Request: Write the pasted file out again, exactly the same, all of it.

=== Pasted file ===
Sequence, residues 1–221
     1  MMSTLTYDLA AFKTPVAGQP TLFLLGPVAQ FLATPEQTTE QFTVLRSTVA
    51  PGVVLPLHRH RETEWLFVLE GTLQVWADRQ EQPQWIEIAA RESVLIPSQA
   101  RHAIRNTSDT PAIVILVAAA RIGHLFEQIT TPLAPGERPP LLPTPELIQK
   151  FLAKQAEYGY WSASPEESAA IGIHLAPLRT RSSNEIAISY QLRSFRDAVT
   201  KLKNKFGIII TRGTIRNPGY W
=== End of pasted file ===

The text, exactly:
Sequence, residues 1–221
     1  MMSTLTYDLA AFKTPVAGQP TLFLLGPVAQ FLATPEQTTE QFTVLRSTVA
    51  PGVVLPLHRH RETEWLFVLE GTLQVWADRQ EQPQWIEIAA RESVLIPSQA
   101  RHAIRNTSDT PAIVILVAAA RIGHLFEQIT TPLAPGERPP LLPTPELIQK
   151  FLAKQAEYGY WSASPEESAA IGIHLAPLRT RSSNEIAISY QLRSFRDAVT
   201  KLKNKFGIII TRGTIRNPGY W